This December, Encore will launch “Generation to Generation,” a social action campaign geared toward mobilizing adults over 50 to “stand up and show up for young people, support innovative pilots in cities and organizations around the country, and change the national conversation about intergenerational relationships in America.” With Chadwick’s help to create the framework for the launch, the Encore Boston Network will bring together local stakeholders to gain support and ensure success. According to Chadwick, she will “ensure that the launch has got teeth and some real grip within the community.”

Eager to bring some of their “good thinking to life by leveraging the skills that I have through my career,” Chadwick feels lucky to have connected with others who share her passion.

Patricia Chadwick’s project “Purposeful Aging” works toward “a future where the second half of life is dedicated to supporting the next generation in ways that benefit old and young alike.” Rose Lincoln/Harvard Staff Photographer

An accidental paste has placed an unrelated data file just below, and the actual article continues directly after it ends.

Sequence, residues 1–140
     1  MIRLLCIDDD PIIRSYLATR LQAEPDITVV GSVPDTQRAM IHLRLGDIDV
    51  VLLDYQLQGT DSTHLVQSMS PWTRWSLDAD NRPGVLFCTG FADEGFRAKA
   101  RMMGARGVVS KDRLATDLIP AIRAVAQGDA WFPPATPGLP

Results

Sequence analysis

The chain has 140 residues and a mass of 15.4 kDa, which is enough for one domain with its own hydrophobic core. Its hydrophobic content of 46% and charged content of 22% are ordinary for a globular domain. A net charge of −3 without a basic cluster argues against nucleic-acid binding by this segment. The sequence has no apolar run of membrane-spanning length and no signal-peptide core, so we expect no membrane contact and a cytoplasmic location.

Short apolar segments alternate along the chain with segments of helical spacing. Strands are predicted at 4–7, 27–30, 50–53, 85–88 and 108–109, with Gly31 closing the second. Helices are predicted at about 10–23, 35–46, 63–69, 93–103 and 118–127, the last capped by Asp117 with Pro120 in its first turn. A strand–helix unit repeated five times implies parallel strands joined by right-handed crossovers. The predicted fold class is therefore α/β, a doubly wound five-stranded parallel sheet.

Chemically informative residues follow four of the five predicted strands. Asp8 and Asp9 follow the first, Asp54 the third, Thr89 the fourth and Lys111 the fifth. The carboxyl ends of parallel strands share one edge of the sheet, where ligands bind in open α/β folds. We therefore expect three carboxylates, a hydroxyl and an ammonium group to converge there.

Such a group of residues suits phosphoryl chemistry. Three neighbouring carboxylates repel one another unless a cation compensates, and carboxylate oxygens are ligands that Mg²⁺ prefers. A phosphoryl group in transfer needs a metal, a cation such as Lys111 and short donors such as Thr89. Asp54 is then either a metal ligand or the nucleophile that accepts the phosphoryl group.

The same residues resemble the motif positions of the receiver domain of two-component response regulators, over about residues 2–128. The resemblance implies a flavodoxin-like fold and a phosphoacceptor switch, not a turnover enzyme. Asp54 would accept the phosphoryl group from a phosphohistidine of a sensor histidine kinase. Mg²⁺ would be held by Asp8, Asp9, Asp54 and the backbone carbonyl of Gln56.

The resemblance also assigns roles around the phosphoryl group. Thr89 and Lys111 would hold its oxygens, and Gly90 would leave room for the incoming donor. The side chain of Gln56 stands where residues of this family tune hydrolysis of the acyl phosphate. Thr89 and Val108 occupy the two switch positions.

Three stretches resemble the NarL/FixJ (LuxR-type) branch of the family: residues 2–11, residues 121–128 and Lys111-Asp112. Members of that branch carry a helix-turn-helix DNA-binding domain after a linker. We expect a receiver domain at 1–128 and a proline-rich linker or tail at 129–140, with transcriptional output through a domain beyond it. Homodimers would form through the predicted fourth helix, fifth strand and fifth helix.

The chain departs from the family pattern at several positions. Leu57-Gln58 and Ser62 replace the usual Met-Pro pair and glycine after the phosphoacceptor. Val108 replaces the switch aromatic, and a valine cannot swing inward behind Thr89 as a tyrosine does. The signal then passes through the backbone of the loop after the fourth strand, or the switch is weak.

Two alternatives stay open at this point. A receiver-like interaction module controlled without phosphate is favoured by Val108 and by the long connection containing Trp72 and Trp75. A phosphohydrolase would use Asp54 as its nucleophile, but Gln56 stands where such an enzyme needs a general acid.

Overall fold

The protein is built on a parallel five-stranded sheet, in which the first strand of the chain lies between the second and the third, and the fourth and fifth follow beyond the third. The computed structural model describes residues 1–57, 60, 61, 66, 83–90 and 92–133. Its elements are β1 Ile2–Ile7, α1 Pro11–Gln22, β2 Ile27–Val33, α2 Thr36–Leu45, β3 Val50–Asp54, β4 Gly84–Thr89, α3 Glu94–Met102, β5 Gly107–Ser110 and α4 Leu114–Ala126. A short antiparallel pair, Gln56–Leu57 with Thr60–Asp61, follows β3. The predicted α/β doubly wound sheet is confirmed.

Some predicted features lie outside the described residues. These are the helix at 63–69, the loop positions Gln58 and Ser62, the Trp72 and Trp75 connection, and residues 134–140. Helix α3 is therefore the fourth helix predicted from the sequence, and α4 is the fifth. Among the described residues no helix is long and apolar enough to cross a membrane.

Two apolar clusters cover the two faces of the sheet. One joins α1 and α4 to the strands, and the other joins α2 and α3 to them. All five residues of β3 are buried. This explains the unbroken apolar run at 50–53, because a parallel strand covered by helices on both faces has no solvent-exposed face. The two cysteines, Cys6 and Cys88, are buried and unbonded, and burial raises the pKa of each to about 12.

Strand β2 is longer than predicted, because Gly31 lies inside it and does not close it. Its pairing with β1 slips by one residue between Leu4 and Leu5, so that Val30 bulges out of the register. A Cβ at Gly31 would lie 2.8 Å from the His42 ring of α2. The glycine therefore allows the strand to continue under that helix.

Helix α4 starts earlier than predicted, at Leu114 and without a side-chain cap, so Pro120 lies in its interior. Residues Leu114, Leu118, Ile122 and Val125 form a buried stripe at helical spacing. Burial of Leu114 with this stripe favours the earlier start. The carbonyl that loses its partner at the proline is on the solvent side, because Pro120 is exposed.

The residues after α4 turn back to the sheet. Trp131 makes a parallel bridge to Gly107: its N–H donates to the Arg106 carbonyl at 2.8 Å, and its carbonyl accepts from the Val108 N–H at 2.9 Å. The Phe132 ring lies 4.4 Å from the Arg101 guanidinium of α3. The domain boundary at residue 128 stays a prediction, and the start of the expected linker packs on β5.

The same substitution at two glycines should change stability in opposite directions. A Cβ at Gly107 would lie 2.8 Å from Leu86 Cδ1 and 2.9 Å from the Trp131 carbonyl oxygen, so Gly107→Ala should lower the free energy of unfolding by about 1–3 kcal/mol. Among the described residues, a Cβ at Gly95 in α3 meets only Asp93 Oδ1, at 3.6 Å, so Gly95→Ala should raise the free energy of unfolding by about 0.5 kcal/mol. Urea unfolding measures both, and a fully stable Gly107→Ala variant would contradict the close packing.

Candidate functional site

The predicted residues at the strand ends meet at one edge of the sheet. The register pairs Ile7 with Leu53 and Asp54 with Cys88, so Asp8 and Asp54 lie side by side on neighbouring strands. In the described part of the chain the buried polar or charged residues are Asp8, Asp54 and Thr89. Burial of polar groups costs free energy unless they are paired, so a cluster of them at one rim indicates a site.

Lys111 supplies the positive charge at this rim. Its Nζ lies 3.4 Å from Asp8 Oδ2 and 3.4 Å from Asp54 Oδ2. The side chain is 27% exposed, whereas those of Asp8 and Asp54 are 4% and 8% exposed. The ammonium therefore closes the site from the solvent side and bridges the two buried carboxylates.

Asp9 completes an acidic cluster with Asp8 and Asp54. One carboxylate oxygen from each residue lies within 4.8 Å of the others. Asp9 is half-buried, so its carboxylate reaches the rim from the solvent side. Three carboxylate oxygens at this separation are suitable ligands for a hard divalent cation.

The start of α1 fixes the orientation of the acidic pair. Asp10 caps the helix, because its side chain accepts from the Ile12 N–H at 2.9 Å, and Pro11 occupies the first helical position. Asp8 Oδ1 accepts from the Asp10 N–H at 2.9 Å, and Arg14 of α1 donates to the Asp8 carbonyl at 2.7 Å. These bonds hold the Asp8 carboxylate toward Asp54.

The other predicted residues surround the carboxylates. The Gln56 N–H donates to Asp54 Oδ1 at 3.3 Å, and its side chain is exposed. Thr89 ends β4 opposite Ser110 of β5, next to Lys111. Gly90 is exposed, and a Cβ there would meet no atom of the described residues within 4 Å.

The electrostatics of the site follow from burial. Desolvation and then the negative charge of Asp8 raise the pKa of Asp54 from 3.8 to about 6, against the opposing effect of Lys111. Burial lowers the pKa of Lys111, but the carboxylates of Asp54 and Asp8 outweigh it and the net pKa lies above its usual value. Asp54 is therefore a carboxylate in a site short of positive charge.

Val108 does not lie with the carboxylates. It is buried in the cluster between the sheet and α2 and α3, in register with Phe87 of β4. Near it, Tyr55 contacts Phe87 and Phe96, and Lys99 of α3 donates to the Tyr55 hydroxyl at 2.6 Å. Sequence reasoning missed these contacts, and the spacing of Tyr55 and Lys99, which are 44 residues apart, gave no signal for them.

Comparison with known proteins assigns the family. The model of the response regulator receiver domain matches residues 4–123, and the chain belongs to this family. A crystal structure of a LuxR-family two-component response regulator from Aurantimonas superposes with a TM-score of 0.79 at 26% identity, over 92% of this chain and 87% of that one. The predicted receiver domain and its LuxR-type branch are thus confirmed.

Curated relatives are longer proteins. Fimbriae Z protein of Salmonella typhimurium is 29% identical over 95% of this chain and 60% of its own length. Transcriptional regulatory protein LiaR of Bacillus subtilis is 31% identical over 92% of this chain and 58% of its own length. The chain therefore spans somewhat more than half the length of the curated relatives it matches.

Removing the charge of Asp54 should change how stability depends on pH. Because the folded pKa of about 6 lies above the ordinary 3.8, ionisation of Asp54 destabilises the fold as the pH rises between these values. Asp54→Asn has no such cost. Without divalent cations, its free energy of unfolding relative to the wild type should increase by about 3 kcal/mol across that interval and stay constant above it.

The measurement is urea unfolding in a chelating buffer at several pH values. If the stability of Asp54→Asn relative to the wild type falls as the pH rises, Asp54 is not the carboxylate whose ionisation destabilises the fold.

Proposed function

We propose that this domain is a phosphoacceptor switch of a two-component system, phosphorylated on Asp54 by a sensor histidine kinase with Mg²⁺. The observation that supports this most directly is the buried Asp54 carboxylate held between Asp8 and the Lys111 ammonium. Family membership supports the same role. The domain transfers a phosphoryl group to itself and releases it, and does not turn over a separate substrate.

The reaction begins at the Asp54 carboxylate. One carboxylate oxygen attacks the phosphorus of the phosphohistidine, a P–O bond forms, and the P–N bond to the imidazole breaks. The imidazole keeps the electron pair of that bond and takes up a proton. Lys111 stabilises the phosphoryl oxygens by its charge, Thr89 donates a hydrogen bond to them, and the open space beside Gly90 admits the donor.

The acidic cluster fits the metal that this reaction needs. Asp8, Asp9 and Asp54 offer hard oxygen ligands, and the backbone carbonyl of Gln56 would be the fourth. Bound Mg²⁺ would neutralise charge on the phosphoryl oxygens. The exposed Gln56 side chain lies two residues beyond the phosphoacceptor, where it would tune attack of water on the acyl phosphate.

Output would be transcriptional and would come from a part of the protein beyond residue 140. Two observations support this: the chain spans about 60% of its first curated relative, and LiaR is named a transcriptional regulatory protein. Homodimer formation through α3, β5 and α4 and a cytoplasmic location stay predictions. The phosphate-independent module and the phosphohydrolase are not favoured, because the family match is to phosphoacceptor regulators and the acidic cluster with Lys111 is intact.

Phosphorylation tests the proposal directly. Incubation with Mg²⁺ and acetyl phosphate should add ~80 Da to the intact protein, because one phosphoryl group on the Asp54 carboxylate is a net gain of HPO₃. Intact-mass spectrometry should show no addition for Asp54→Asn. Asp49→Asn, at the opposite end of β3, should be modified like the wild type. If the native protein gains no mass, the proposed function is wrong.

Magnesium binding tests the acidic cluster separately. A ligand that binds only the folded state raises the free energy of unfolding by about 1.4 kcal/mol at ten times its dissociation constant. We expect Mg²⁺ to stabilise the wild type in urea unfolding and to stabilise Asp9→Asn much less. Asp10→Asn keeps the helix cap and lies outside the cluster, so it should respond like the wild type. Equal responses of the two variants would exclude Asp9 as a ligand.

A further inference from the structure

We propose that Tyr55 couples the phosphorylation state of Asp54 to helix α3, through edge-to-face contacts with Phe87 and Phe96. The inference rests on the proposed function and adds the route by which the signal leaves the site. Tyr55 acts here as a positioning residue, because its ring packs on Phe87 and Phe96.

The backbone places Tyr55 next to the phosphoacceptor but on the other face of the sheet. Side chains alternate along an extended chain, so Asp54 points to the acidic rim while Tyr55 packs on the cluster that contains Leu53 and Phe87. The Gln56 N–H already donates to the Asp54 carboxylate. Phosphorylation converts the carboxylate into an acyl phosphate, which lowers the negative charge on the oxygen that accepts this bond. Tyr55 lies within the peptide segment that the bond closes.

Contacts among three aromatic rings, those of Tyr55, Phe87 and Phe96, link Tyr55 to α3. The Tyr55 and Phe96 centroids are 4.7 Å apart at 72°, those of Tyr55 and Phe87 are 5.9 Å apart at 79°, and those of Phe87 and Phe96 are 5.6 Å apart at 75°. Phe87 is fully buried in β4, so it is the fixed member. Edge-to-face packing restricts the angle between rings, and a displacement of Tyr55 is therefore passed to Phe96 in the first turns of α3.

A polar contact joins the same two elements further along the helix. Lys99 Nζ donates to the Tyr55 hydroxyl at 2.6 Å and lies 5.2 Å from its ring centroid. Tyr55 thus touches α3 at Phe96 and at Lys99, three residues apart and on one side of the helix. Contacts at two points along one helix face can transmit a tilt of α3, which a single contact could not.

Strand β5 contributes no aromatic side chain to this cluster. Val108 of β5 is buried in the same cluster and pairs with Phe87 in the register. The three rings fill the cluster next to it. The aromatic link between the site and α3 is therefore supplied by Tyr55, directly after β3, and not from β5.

Akhil Gupta, senior fellow ’16, wasn’t quite sure where his next chapter would lead him. But once he started the program and enrolled in Professor Brian Hehir’s “Religion and World Politics” course at Harvard Kennedy School, his mission became clear.

“The amount we have learned in science and technology just absolutely amazes me. Equally amazing is the fact that on an interpersonal and personal basis, frankly, we have not made that much progress,” said Gupta, who was selected by the initiative to come on board for another year.

Gupta’s project focuses on integrating knowledge across religious and cultural borders. “If we can integrate knowledge across the silos of time, civilizations, geographies, and academic disciplines without any pride of ownership, we can create a second and truer Enlightenment leading to realization of our full human potential,” said Gupta.

Although he has plans for a book after he finishes the program, Gupta wants to avoid putting deadlines on himself. As senior managing director and chairman of Blackstone Advisors India Private Ltd., he dealt with a number of pressures, but he believes that in this new stage of his life it’s important for him to “go with the flow.” Still, he added, “I’m a very driven person, so the deadline is coming from inside. It’s much more powerful than being successful or making money.”